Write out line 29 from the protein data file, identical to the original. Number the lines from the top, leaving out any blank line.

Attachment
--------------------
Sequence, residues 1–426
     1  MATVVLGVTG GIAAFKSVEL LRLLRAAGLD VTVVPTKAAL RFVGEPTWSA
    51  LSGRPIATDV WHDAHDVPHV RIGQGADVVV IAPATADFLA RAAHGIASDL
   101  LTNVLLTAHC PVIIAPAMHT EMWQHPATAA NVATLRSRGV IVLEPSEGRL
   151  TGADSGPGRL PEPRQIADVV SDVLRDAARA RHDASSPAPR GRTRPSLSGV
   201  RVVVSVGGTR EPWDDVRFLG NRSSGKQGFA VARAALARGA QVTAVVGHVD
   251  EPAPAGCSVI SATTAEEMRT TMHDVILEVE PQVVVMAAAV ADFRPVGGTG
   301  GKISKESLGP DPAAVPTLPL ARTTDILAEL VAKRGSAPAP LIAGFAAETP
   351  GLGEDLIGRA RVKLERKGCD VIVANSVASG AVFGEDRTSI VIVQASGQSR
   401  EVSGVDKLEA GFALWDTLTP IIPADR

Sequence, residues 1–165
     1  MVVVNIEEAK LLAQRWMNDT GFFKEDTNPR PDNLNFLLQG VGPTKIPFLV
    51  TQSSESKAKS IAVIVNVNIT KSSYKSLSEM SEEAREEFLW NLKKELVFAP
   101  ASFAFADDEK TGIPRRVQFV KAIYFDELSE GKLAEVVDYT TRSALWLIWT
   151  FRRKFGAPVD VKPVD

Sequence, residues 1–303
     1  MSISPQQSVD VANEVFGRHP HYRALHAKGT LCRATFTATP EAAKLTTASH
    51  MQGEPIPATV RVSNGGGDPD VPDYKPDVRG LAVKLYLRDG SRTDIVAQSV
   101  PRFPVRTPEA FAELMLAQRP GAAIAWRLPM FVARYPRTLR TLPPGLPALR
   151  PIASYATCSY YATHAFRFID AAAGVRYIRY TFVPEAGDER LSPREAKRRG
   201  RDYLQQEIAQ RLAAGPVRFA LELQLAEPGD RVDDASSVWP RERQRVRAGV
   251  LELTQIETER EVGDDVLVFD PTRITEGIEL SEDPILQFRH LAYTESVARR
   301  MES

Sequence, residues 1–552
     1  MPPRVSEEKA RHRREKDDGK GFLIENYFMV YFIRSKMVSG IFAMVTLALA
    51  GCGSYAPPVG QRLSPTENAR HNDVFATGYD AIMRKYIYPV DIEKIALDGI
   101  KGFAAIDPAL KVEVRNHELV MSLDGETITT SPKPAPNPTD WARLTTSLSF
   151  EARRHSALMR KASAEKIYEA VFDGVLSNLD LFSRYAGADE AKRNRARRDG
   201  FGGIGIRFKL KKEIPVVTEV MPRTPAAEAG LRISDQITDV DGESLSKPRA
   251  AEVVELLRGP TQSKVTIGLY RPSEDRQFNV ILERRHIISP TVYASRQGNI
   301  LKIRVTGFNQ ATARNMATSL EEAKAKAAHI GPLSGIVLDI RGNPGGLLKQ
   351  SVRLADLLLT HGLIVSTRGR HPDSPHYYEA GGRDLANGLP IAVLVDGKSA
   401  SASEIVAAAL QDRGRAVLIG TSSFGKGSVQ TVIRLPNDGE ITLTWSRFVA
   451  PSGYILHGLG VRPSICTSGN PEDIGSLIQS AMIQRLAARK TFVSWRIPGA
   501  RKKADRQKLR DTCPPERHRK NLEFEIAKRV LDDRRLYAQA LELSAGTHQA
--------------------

   201  FGGIGIRFKL KKEIPVVTEV MPRTPAAEAG LRISDQITDV DGESLSKPRA